The German Pinscher is the “middle” dog of the Pinscher breeds of Germany. The largest of the Pinscher dogs is the well known Doberman, while the smallest is the equally well known Miniature Pinscher. The “Standard” Pinscher is simply known as the “Pinscher” by the Kennel club of Great Britain and is called the Standard Pinscher in its home country of Germany.
The word “pinscher” in German means terrier. The word “pincer” in French means “biter”. Either of these terms is an appropriate definition of the original functions of the German Pinscher, for it is as tenacious as a terrier, skillful and effective as a ratter and equally effective as a family watch dog that will aggressively attack any perceived threat.
The German Pinscher is a breed which is a bit taller than the average terrier and this length of leg prevents it from going to ground. The swiftness and determination of the dog makes up for this deficiency and it is a proficient rodent killer. A good ratter and naturally instinctive killer of varmints, the dog has proven itself to be useful on farms and in urban households. Besides its propensity to give chase to small animals, it is also an effective guarding dog with a noisy bark when strangers appear.
It will not hesitate to attack if it feels that its human family is threatened and it is large enough to do considerable damage. Through the centuries the temperament of this dog has always been a blend of terrier and working aptitudes and in the end it has been classified as a Working dog both within the F.C.I. and the American Kennel Club, while in the Kennel Club of Great Britain and the United Kennel Club of the United States it is classified as a member of the Terrier groups.
During and after the World Wars its population was very nearly decimated to the point of extinction. For eleven years, from 1949 to 1958, there were no litters registered by the F.C.I. In 1959 a fancier by the name of Werner Jung became interested in the preservation of the breed and began an extensive search for possible specimens. He found 4 overly large Miniature Pinschers and some typical Pinschers of the day and began a systematic breeding to reproduce the original Pinscher. It is because of his efforts that the original breed is still in existence today.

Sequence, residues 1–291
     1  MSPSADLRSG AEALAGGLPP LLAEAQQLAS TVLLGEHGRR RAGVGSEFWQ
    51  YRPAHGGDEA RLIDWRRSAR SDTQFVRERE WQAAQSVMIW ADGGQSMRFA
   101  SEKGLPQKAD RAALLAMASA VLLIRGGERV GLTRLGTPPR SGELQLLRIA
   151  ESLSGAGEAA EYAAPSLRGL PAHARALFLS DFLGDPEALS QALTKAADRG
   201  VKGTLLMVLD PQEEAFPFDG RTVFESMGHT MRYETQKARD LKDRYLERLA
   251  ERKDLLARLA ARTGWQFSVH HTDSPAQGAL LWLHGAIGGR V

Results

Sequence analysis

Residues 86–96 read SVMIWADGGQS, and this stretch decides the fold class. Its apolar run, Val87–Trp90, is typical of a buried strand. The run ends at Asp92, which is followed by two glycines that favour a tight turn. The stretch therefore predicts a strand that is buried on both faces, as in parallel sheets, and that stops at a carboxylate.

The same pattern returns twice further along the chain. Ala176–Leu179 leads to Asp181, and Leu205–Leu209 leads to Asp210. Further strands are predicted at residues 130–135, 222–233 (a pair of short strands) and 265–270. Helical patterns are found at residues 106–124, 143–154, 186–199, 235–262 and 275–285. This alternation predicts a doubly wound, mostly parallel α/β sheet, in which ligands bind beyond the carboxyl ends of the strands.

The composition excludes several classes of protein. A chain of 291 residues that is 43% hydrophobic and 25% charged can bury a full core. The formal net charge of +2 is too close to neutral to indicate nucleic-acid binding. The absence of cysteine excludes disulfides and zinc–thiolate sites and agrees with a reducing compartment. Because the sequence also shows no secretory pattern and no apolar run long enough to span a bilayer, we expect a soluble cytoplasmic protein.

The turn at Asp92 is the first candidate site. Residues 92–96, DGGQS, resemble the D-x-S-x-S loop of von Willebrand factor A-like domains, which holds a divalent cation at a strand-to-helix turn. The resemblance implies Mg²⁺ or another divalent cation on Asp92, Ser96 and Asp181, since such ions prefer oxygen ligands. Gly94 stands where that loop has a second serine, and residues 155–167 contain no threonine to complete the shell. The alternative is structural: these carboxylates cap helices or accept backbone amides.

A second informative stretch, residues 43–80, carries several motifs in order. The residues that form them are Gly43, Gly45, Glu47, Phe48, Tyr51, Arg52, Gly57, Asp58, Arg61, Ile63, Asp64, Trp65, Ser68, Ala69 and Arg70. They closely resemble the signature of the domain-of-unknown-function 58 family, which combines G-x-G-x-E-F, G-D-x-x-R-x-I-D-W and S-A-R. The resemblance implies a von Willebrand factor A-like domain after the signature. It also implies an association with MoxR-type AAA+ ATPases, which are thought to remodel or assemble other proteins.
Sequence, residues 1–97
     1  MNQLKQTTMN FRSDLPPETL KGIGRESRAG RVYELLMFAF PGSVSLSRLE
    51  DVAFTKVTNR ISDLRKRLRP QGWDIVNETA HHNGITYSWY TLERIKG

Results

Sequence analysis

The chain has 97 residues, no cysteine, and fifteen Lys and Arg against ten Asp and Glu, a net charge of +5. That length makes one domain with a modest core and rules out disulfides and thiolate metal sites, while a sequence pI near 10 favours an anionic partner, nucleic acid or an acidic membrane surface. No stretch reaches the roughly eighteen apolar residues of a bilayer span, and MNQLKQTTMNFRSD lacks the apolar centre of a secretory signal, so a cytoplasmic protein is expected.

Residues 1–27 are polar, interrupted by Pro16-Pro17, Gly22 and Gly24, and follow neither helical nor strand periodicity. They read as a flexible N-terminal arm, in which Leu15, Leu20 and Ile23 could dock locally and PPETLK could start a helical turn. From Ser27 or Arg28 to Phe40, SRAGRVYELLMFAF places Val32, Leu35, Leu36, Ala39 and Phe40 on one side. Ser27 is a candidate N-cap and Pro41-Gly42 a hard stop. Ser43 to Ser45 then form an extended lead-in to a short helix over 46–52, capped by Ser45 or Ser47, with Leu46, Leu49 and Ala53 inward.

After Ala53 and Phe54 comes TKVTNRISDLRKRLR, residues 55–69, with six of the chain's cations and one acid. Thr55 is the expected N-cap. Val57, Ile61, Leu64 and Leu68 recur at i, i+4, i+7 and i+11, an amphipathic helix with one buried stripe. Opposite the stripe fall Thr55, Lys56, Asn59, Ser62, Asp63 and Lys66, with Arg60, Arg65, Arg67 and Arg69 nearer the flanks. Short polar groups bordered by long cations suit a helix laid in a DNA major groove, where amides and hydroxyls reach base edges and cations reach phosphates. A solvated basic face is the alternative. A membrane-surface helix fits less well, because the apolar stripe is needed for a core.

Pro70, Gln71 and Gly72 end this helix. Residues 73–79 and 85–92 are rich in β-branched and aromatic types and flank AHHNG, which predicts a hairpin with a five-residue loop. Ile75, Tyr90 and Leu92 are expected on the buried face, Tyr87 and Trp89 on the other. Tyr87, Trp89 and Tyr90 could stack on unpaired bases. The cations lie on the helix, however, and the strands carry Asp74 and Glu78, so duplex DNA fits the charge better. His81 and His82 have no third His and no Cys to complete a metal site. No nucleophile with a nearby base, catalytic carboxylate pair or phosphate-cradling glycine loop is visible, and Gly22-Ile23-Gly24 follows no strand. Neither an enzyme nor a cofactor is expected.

The German PInscher is a moderately sized dog, standing at 16-19 inches tall at the withers. The weight should not be more than 25-35 pounds. It has a very short and smooth coat which is commonly black with tan points similar to the Doberman but can also be fawn or red or dark brown. Cream color is disallowed in the standard.
The German Pinscher is an elegant dog but surprisingly never gained the popularity of its larger cousin, the Doberman, nor its smaller cousin the Miniature PInscher. This is a dog that fits well into an urban or farm environment, with an easy care coat and a generally good disposition when brought up with good socialization and early training.
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